The U.S. Food and Drug Administration (FDA) prints warnings on the label and in the prescribing information for Prozac, stating that alcohol should never be mixed with the drug. Mayo Clinic reports that mixing alcohol and antidepressant medications can cause:

  • Increased sedation
  • Difficulties sleeping
  • Heightened levels of intoxication and impairment
  • Worsened symptoms of depression and anxiety
  • Potential problems with alcohol dependence

A staggering number of Americans take antidepressant medications, as many as 1 out of every 12 adults, the Centers for Disease Control and Prevention (CDC) reports. Prozac, or fluoxetine in its generic form, is a popular antidepressant medication prescribed to treat major depression, panic disorder, and obsessive-compulsive disorder (OCD), among other issues. Prozac is a selective serotonin reuptake inhibitor, or SSRI medication, that alters the brain’s chemistry by maintaining higher levels of serotonin, which is one of the naturally occurring, pleasure-inducing neurotransmitters. By stopping receptors from reabsorbing this neurotransmitter as quickly, more of these “happy cells” are present in the brain at one time, helping individuals to remain emotionally balanced and feel less depressed and anxious.

Alcohol can have similar effects as it also acts on some of the neurotransmitters responsible for feeling pleasure, increasing their levels in the brain as well. Alcohol may therefore be used as a form of self-medication for individuals who feel depressed and may seem to temporarily relieve symptoms of anxiety and depression. Regularly drinking alcohol as a method of coping with depressive symptoms, however, may increase the odds for developing a drinking problem that may manifest into addiction. Around 20 percent of Americans who suffer from a mood or anxiety disorder like depression also battle a substance use disorder involving alcohol or illicit drugs, and the reverse is also true, the Anxiety and Depression Association of America (ADAA) publishes.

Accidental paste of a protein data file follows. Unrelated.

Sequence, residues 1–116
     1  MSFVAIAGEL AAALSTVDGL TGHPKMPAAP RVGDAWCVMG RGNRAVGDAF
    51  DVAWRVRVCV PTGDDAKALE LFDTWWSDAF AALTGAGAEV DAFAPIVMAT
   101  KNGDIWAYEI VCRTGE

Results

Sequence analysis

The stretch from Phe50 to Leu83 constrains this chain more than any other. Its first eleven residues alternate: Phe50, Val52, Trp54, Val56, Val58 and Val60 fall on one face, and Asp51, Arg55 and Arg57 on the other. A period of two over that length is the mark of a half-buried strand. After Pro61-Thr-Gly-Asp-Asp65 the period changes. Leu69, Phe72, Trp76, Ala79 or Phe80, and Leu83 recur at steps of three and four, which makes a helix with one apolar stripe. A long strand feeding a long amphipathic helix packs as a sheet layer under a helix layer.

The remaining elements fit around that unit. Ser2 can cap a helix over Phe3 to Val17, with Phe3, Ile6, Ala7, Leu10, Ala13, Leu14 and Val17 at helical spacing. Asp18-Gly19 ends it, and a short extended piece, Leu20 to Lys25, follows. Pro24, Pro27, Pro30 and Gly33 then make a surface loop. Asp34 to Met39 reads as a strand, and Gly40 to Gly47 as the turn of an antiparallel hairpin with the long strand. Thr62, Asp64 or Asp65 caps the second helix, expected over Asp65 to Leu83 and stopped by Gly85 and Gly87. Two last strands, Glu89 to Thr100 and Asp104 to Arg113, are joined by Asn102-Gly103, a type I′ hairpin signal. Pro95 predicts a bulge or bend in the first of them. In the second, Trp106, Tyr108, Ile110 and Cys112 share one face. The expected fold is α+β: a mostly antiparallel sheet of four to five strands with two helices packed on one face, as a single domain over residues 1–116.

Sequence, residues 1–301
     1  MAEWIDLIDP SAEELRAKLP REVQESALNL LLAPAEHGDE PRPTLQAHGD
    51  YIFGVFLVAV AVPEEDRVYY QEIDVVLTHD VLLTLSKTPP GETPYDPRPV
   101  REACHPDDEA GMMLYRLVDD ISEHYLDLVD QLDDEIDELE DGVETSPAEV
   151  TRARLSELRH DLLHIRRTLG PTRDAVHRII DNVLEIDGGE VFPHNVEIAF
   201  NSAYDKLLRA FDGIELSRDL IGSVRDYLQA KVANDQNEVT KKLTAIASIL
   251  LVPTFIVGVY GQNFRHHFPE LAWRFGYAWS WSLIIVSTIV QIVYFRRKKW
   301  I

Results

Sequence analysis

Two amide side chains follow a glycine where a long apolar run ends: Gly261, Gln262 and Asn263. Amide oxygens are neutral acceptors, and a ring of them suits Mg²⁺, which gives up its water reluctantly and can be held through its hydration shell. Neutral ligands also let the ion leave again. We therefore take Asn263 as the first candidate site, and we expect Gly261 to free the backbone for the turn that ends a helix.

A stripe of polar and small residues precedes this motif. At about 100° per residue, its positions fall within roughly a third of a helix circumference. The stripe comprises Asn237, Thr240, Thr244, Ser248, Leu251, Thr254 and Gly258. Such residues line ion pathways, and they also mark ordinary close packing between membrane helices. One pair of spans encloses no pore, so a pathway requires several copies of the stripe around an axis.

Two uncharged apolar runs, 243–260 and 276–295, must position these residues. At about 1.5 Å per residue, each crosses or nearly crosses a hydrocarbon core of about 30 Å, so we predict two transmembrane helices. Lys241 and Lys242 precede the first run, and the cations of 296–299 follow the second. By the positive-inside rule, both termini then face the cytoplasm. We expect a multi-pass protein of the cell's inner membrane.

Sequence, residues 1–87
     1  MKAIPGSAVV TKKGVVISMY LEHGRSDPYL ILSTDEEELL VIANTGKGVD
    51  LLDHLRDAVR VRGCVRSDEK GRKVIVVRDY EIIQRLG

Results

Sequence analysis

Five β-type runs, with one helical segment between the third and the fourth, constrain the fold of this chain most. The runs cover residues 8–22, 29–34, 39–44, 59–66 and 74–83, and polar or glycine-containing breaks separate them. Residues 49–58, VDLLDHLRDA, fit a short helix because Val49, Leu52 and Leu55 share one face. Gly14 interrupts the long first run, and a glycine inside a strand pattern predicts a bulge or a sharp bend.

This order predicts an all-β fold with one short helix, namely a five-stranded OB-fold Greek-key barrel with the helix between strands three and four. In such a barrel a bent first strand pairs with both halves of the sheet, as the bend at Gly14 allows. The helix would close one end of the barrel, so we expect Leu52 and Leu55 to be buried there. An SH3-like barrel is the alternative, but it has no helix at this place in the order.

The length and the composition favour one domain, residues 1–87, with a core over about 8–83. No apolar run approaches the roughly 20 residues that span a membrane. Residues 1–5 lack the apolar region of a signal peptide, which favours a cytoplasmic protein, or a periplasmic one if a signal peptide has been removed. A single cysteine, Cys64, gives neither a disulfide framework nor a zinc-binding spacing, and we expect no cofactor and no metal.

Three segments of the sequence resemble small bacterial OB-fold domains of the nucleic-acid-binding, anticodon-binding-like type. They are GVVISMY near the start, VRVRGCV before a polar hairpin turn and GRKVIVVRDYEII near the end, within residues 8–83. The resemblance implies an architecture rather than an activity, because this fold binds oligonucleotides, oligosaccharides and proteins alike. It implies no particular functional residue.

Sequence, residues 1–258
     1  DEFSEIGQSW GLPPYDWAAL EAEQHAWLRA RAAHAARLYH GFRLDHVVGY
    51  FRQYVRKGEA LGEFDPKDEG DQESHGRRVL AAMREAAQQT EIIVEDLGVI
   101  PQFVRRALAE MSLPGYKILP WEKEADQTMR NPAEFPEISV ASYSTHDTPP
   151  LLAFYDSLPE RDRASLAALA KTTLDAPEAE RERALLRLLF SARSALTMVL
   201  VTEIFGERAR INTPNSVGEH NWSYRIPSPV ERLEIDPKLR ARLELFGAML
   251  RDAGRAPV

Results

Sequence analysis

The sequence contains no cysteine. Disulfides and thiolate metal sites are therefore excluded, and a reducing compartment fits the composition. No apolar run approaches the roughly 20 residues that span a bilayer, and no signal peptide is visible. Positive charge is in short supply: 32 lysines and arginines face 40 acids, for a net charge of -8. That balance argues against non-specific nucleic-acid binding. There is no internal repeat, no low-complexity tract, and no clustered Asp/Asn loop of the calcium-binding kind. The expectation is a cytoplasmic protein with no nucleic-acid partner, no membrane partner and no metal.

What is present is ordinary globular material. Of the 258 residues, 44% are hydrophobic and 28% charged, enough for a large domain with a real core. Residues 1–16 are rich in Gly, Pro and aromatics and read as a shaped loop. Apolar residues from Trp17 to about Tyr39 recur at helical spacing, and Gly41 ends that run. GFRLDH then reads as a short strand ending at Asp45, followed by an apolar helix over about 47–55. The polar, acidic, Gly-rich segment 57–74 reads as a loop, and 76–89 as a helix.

Alcohol should never be mixed with an antidepressant medication like Prozac, as both substances may amplify the effects of the other, increasing the risk for overdose and other potentially dangerous side effects. Drinking alcohol while taking Prozac can also interfere with treatment for depression and/or anxiety.

Side Effects of Mixing Alcohol, Depression, and Prozac

alcohol and depression Alcohol may temporarily seem to elevate moods and decrease depressive symptoms; however, it can actually make these symptoms worse when it wears off. Depression can be amplified by the effects of alcohol, and Psych Central publishes that mixing alcohol with depression may actually increase a person’s risk for attempting or completing suicide.

Alcohol can lower a person’s inhibitions, impair judgment, and increase the odds for potentially violent or self-harming behaviors. When mixing alcohol with Prozac, it may not take as much alcohol to create a higher level of intoxication. Individuals may commit acts that are out of character for them and have no knowledge of doing so the next day.

The Pharmaceutical Journal reports that mixing an SSRI with alcohol can cause a higher level of impairment and exacerbated side effects than either substance alone may cause.

Alcohol is a central nervous system depressant, which lowers blood pressure, heart rate, body temperature, and breathing levels. Fluoxetine also interferes with some of these vital functions. If someone takes fluoxetine, they may suffer from an overdose, which may be indicated by an irregular heart rate, nausea, vomiting, drowsiness, tremors, and even seizures in some cases, the Western Journal of Emergency Medicine (WestJEM) reports. An overdose on alcohol is often called alcohol poisoning, and many of the same symptoms are observed. When these two substances are combined, the side effects are exaggerated, and an overdose may happen more quickly and at lower doses. Over 30 percent of the emergency department (ED) visits involving an antidepressant drug like Prozac in 2011 also involved alcohol, the Drug Abuse Warning Network (DAWN) reports.